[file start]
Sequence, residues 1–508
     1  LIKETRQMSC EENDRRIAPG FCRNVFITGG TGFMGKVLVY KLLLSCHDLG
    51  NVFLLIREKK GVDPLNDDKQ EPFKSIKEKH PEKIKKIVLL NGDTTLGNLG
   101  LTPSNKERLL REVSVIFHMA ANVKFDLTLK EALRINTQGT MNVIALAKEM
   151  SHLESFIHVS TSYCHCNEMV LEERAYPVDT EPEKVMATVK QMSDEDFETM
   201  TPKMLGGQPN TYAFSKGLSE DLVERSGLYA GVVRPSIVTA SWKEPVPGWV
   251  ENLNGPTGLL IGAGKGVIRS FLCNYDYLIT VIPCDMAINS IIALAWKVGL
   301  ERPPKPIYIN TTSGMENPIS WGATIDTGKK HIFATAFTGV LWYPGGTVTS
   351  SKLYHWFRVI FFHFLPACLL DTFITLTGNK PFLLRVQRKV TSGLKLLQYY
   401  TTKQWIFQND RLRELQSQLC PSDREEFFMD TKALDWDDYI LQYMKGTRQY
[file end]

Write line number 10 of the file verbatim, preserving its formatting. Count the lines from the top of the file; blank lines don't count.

   401  TTKQWIFQND RLRELQSQLC PSDREEFFMD TKALDWDDYI LQYMKGTRQY